Negotiated cash fed cattle prices perked up another $1-$3 on Thursday with light to moderate trade and demand, according to the Agricultural Marketing Service.
Live prices were $1 higher in the Southern Plains at $132/cwt., $1-$2 higher in Nebraska at $133-$134 and $1-$3 higher in the western Corn Belt at $133. Dressed trade was $3 higher at $210. Live prices in Colorado last week were at $132.
Stronger cash prices helped push Cattle futures higher.
Feeder Cattle futures closed an average of $1.90 higher, except for 15¢ lower in nearly spent Nov.
Live Cattle futures closed an average of 70¢ higher.
Lower grain futures prices added support.
Corn futures closed narrowly mixed, from 2¢ lower to 1¢ higher.
Soybean futures closed mostly 11¢ to 15¢ lower.
Wholesale beef prices continued to drift lower. Choice boxed beef cutout value was $3.66 lower Thursday afternoon at $278.47/cwt. Select was $2.53 lower at $264.06/cwt.
Net U.S. beef export sales of 25,500 metric tons (2021) for the week ending Nov. 11 were 23% more than the previous week and 58% more than the prior four-week average, according to the U.S. Export Sales report. Increases were primarily for China, Taiwan, Japan, South Korea, and Mexico.
Major U.S. financial indices closed narrowly mixed Thursday.
Weekly initial unemployment claims decreased by 1,000 to 268,000 for the week ending Nov. 13, according to the U.S. Department of Labor. That was in line with trader expectations.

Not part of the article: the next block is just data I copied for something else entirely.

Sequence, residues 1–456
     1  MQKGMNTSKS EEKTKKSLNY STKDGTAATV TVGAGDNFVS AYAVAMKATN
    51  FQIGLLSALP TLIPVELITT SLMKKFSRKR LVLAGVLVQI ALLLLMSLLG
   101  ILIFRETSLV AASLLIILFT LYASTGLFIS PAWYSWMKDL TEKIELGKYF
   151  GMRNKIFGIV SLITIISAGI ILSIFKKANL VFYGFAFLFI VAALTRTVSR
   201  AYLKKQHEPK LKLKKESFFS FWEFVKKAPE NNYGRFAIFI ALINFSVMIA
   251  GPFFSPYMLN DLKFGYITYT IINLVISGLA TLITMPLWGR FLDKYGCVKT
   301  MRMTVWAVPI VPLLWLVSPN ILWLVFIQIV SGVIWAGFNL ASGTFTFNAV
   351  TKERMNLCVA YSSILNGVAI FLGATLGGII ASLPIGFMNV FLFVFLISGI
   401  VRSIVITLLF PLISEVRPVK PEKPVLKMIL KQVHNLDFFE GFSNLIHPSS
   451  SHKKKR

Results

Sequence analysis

The Dow Jones Industrial Average closed 60 points lower. The S&P 500 closed 15 points higher. The NASDAQ was up 72 points.
Rabobank analysts expect operational beef packing capacity and cattle numbers to regain some relative balance by the second quarter of next year.
“Although packers will still have healthy margins compared to pre-pandemic levels, the price spread between beef and cattle will begin a multi-year narrowing trend in 2022,” say Rabobank analysts, in the recent Rabobank Global Animal Protein Outlook 2022. “Even as domestic beef demand (willingness to pay) falls slightly from its pandemic highs, continued export growth, declining beef production and general economic inflation will provide price support.”
Along those same lines, Don Close, Rabobank senior animal protein analyst notes North American feed costs are expected to remain at high levels. “Producers will need to be vigilant in finding opportunities to lock in profitable margins,” he says.
Animal protein supply chains face across-the-board cost inflation with the most significant increases coming in four key areas – animal feed, labor, energy and freight, according to the report.
“This next year has the potential to accelerate structural change as a result of escalating costs,” says Christine McCracken, senior animal protein analyst for Rabobank. “Success will most likely go the players that adapt to the changing business environment; embracing consumer preferences for sustainability and preparing for a surge in demand as economies continue to reopen and adjust following COVID-19-induced lockdowns.”